A quadratic form is a homogeneous polynomial of degree 2. The study of quadratic forms over arbitrary fields of characteristic different from two was initiated by Ernst Witt in 1936. He showed that the properties of quadratic forms over a given field are characterised by a commutative ring, the socalled Witt ring of the field. In the 1960s Albrecht Pfister discovered the importance of stongly multiplivative forms (now called Pfister forms) in this theory. After this discovery and the fomulation of structure theorems for the Witt ring, the quadratic form theory got much more scientific attention. Since then, until Vladimir Voevodsky prooved the Milnor conjecture in 2002, it remained an open question if the graded Witt ring of any field (the graduation is induced by the powers of the fundamental ideal of the Witt ring) can be descibed in terms of generators and relations.
Quadratic form theory applies to the study of sums of squares and field orderings. Furthermore, it is related to many other areas of mathematics, in particular the study of central simple algebras and linear algebraic groups.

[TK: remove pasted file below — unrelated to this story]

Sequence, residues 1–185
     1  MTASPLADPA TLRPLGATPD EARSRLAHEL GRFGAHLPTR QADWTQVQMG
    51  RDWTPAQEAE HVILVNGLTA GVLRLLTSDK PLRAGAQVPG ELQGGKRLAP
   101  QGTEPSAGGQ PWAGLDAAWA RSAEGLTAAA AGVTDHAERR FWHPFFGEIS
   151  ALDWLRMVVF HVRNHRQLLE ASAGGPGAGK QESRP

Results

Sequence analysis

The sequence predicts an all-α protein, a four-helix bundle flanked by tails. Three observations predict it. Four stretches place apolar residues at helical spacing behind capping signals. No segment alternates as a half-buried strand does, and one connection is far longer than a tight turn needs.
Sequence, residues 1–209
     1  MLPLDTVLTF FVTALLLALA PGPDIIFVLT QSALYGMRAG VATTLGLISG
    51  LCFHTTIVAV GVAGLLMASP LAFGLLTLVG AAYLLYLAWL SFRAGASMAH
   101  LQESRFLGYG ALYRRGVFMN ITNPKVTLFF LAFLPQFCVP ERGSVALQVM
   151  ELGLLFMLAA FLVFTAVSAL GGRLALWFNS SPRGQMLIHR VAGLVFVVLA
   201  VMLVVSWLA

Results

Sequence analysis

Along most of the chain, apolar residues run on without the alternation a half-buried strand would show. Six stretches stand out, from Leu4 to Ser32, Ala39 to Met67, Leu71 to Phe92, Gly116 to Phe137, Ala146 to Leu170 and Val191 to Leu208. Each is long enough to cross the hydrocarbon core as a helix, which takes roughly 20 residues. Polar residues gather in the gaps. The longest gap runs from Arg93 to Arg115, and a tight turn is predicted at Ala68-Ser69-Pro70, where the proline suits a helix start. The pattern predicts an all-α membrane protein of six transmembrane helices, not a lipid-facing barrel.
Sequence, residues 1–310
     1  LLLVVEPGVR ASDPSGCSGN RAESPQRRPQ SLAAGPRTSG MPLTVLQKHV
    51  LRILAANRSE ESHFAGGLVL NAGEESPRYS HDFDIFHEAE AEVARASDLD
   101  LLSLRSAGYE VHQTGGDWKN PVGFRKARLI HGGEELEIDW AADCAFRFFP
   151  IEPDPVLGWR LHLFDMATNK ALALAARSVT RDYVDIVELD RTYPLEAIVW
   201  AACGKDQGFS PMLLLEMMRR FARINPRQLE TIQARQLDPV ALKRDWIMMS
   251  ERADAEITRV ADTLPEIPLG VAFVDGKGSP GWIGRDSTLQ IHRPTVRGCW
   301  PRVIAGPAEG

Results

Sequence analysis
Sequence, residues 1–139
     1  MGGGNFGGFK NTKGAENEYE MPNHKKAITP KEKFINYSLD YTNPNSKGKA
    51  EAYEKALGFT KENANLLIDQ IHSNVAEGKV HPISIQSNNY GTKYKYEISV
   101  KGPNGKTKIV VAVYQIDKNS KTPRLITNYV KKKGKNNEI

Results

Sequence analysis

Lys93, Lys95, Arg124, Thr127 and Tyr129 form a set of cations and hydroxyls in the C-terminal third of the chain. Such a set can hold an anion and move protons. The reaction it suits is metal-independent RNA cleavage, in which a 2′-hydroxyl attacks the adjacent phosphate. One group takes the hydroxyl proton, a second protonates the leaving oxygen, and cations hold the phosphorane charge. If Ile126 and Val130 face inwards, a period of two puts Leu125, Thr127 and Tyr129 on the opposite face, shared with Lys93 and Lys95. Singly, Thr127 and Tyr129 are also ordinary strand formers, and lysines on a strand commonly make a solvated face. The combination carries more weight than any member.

The chapters covered in the course are the following:
- Symmetric bilinear forms (orthogonal sum, tensor product, isotropy, Witt's Theorems, decomposition, reflections, orthogonal group, multiplicative forms, level of a field)
- Quadratic forms (correspondence with symmetric bilinear forms, complications in characteristic 2, anisotropic part, discriminant, quaternion algebras)
- Field extensions (behaviour of forms, odd degree extensions, quadratic extensions, rational function field, Cassels-Pfister Theorem, function field of a quadratic form, characterisation of Pfister forms)
- Witt rings (construction, examples, spectrum and other ring theoretic properties, field orderings and signatures, Sylvester's inertia theorem, Artin-Schreier, Pfister's Local-Global Principle)
- Invariants and Milnor's conjecture